The camel has its nose under the tent.

    We intend to stomp it – with the good, sturdy winter boots of the people of Vermont.

    And as for Michael Bloomberg’s employee John Campbell?

    Stand by.

    Reply
  2. Eddie Cutler

    This is easy to understand. Billionaire Michael Bloomberg Famed N.Y.C. X mayor who is famed for his big gulp and Illegal stop and frisk laws has said he will be spending millions of dollars on getting gun control passes in all the states nationwide. Vermont with its 230 year history of non violence is a thorn in his side. We have a very high firearms ownership with almost no violent crime. The rest of the country is now looking at the good and honest people of Vermont and have realized we must be doing something right. This has led to many states passing pro gun laws. Those states are now seeing there crime rates drop. Chicago is a great example. Since the supreme court has ruled that their firearms ban was unconstitutional people have been getting concealed handgun permits and are now able to defend themselves. This has led to a 60 year low in violent crime there. I believe Senator Campbell is listening to this out of state billionaire instead of his constituents.
    Ed Cutler

    Reply
    1. newzjunqie

      And, authoritarian control-freak Campbell, as evidenced by the language used to address the rally, a former police officer himself, was in full support of the full-freighted version of the bill … including background checks:
      “Vermont senate leader misfires with gun control pitch at massive gun rally”
      By Bruce Parker / January 28, 2015
      http://watchdog.org/195954/anti-gun-control-rally/

      Reply
  3. chuck gregory

    John, you’re spot on with the impact of this bill. Nationally, 90 percent of gun homicides are committed with guns that were sold, left unsecured, pawned, lent or given to somebody else by the original purchaser.

    A bill with real impact would respect Vermonters’ rights to owning a gun– but forbid them from ever letting it pass into another person’s hands without facing full responsibility for its future misuse in its lifetime.

    Vermont gun owners should be responsible for their weapon the same way King Arthur was responsible for Excalibur.

    Reply
      1. chuck gregory

        Based on 68.75% of all homicides being gun deaths (from 1990-97 homicide data, https://www.vpc.org/fact_sht/hgbanfs.htm), and the average intentional homicide rate per year for the decade 2000-2010 in the US as 15,547 (List of countries by intentional homicide rate by decade – Wikipedia, the free encyclopedia), 10,688 persons per year were murdered by firearms use.

        A 1997 U.S. Justice Department survey (Gun Control – Just Facts) of 14,285 state prison inmates found that among those inmates who carried a firearm during the offense for which they were sent to jail revealed where they got the weapon:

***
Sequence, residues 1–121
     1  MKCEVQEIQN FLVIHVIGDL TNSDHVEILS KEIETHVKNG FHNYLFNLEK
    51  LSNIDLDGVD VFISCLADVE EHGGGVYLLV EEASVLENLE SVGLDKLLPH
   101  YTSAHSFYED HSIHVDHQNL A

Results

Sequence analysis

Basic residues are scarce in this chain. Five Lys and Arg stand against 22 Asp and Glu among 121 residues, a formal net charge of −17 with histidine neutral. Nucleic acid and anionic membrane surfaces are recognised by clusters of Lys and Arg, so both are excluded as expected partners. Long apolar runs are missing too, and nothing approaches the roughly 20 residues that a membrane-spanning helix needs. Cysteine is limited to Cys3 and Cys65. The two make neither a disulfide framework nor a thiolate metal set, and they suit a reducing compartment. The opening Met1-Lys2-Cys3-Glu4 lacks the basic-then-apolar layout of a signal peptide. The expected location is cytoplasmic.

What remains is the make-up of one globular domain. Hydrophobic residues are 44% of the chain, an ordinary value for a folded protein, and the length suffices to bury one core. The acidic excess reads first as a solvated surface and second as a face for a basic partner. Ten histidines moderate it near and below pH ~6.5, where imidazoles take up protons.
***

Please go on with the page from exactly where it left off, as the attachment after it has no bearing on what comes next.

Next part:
0.7% at a gun show
        3.8% at a pawn shop
        8.3% new purchase
        39.2% from an illegal source
        39.6% from family or friends.

        In other words, in the matter of gun homicides, the original purchaser of the weapon was on average responsible for only 887 deaths, while people who lent, sold, gifted, pawned or “lost” their weapon because it was unsecured were responsible for about 9,800 deaths or roughly 91% of all gun homicides.

        While the Constitution protects our right to bear arms, it does not confer or protect a right to treat them like just another appliance. There will be no greater form of gun safety than 250,000,000 owners who realize that the gun they buy is their permanent responsibility and their only way of terminating their obligation is to destroy that weapon.

  4. chloramine

    Sen. Campbell did previously get all worked up about a piece of legislation. It was an agriculture committee housekeeping bill that contained an important provision that would have allowed the Secretary of Agriculture to regulate the disposal of formaldehyde-containing foot baths used on a few large farms in northern Vermont. The language was and still is needed, as it is irrational to allow formaldehyde, a known carcinogen, to be disposed of in manure pits instead of handled as a hazardous substance, which is how it arrives at the farm. Instead it is land applied, with a coincidence of a lot of people getting sick around the fields where the formaldehyde-containing manure is spread. So what was in the bill that was so important to Sen. Campbell? Banning pig crates — a totally worthy subject except that pig crates are not used at any farm in Vermont.

    No pig crate ban, no bill, so formaldehyde is still allowed to be disposed of in manure pits and land applied.

    Reply
  5. newzjunqie

    Follow the funny-money, and ahem, Linda Waite-Simpson. B’bye belligerent Dickie “I’m Not Afraid Of You” Sears.

    B’bye John “Addle-brain” Campbell who in a time of budgetary crisis (brought on by our addlebrain guv) needs a larger staff to do his work so he can have more time to f’k off.

    None of the aforementioned are worthy of VTers or to serve as lawmakers, and time to get rid of these arrogant self-satisfied suckups.

    Reply